For most of the parade the sun and the clouds behaved, so only a few ‘average’ photos.
Several new boats and a lot had been given some TLC over winter.
Enjoy the gallery of photos from the day, it was a cracker and made the 7 hours of driving yesterday worth while.
As always, if you like on a photo, click on it and it will enlarge, if you are a boat owner and would like a high res copy of your boat photo, just drop me an email and I’ll send it to you.   waitematawoodys@gmail.com
Below are the links that allows you to view a summary of the boats participating in this years parade – check out the number card displayed on the boat and look it up for details 😉

 

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A Woody Boating Day Of Two Halves 

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A Woody Boating Day Of Two Halves 
When I woke up yesterday, the first major decision was – “may I driving to Lake Rotoiti for the annual Classic & Wooden Boat Parade?” Almost didn’t, and I’m so glad I did – its such a cool event – brilliant location – cool boats – and the nicest people. Tomorrows WW story will be mammoth , so many boats to show you.
But today I thought I would share with you the two extremes of woody boating I enjoyed today.
At the end of the Parade I hitched a ride across the lake to the picnic venue aboard Gillian & Grant Cossey’s 1911, Collings & Bell built, 22’ launch – Elva. Grant does the shore based commentary for the parade, greatly appreciated by those that gather lakeside to view the parade. Grant also did the same gig for this years Mahurangi Regatta launch parade.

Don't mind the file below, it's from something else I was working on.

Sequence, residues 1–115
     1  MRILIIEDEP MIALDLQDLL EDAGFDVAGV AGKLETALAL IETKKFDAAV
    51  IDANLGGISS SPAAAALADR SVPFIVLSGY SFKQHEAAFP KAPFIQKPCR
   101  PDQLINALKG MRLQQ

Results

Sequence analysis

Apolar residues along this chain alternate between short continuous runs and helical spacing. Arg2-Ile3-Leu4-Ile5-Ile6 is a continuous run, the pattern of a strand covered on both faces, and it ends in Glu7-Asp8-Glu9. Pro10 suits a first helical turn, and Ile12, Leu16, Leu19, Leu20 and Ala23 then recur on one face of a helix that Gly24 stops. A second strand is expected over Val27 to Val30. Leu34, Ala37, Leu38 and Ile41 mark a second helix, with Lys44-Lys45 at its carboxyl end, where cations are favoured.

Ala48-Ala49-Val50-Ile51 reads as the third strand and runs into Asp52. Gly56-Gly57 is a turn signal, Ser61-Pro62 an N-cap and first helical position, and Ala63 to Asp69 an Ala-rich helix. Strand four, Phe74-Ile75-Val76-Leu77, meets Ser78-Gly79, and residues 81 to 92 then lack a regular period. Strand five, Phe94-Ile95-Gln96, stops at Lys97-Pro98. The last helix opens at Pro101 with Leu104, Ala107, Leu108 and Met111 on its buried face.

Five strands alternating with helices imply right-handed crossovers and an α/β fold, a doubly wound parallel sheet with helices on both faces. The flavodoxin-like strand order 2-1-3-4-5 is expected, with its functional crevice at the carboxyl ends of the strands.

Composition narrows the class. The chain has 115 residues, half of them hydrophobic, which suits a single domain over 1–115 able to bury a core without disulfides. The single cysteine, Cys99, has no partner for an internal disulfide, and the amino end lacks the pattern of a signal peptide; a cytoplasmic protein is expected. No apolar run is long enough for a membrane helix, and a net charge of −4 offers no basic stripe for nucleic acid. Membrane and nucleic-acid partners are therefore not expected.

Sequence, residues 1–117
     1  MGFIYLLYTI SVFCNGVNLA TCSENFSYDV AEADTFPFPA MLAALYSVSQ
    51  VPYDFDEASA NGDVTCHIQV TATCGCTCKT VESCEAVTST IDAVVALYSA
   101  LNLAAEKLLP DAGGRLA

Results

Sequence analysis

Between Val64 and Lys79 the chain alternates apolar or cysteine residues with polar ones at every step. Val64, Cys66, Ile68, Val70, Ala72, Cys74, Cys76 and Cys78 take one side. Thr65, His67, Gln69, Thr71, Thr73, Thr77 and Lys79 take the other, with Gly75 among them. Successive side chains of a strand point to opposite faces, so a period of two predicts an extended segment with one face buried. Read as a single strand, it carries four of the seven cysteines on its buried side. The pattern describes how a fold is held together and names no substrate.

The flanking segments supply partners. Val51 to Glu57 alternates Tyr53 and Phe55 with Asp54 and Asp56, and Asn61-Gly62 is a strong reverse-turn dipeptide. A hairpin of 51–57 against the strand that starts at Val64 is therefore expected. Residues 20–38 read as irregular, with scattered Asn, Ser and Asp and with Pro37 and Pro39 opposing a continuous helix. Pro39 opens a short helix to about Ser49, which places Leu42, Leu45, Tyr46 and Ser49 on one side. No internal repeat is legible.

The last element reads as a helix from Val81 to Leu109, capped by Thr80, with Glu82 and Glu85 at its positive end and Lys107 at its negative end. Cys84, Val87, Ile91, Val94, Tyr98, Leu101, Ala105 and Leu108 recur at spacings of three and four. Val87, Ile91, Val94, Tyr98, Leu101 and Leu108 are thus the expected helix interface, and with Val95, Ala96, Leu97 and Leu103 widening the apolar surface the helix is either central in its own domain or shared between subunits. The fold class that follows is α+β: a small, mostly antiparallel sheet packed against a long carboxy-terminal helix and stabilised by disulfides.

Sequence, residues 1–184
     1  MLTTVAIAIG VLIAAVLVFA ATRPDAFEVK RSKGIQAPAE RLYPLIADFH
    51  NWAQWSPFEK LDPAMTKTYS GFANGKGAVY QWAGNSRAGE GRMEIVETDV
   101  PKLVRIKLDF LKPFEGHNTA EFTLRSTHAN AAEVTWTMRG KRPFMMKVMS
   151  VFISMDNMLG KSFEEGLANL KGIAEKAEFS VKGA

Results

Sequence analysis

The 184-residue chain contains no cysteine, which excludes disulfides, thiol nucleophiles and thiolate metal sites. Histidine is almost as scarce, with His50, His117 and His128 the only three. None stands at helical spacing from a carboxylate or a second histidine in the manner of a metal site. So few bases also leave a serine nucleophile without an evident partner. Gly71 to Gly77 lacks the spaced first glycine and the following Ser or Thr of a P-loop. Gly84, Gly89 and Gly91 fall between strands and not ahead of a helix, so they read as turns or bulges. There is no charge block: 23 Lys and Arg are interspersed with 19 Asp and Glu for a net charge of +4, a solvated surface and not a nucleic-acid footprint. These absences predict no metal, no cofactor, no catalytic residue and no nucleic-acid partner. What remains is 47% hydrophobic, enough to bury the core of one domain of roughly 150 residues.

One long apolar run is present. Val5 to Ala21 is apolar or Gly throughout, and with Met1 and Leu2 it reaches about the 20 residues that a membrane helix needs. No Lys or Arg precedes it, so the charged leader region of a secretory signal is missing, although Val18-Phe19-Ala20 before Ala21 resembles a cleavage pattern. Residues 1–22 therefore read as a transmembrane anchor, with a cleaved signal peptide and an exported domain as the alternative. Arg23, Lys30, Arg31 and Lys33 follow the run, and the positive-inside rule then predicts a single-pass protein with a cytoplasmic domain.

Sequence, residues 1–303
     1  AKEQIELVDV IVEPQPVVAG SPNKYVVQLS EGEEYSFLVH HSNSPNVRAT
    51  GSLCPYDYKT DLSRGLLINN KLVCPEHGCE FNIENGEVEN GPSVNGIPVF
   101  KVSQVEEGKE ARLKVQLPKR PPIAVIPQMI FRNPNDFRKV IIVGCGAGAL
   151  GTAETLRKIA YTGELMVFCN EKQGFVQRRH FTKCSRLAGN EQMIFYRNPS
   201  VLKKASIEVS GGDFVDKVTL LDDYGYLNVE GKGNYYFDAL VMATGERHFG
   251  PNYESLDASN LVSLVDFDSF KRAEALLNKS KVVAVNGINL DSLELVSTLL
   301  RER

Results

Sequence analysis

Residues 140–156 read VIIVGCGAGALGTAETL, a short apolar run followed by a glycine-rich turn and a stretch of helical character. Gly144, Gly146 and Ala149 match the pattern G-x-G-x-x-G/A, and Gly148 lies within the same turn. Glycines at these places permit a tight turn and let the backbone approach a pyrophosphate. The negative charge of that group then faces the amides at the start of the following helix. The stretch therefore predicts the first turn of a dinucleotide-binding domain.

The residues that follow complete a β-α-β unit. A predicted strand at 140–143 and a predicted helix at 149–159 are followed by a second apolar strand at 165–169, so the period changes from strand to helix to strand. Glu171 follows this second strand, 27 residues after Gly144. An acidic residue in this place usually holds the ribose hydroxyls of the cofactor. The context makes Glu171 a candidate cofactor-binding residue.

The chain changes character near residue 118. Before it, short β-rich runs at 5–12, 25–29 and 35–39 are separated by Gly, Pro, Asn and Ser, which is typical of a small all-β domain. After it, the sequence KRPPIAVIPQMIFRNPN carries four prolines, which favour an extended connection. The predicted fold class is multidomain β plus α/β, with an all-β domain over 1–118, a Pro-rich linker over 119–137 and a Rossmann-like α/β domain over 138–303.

On my return trip from the picnic I was offered a ‘ride’ on Florence & Rod Prosser’s just rebuilt and launched speed boat – powered by a very souped up 1960’s small block Chev 327ci V8. Earlier in the day I went for a blast that saw us doing 45mph with the engine only at 1/2 throttle – the acceleration is startling, one minute your idling allow, next thing you are pinned to the seat. Sorry taking photos was impossible.
A couple of videos below (turn your sound up), to give you an idea of the sound and speed – no windscreen !
Back Monday with a snapshot of the Parade and picnic.

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Pohuwai + Lakeside Woody Parade

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POHUWAI
The owner of Pohuwai, Danny Dalton, is 46 years old and has owned her for 29 years – I’ll save you the maths, he bought her when he was 17. That must have been like owning a Ford Mustang when you were still at high school.
The 1963, 17’ Mason Marlin has been a rolling-restoration over the 29 years, when purchased she had a 350ci Chevrolet V8 inboard and is currently on its 4th outboard.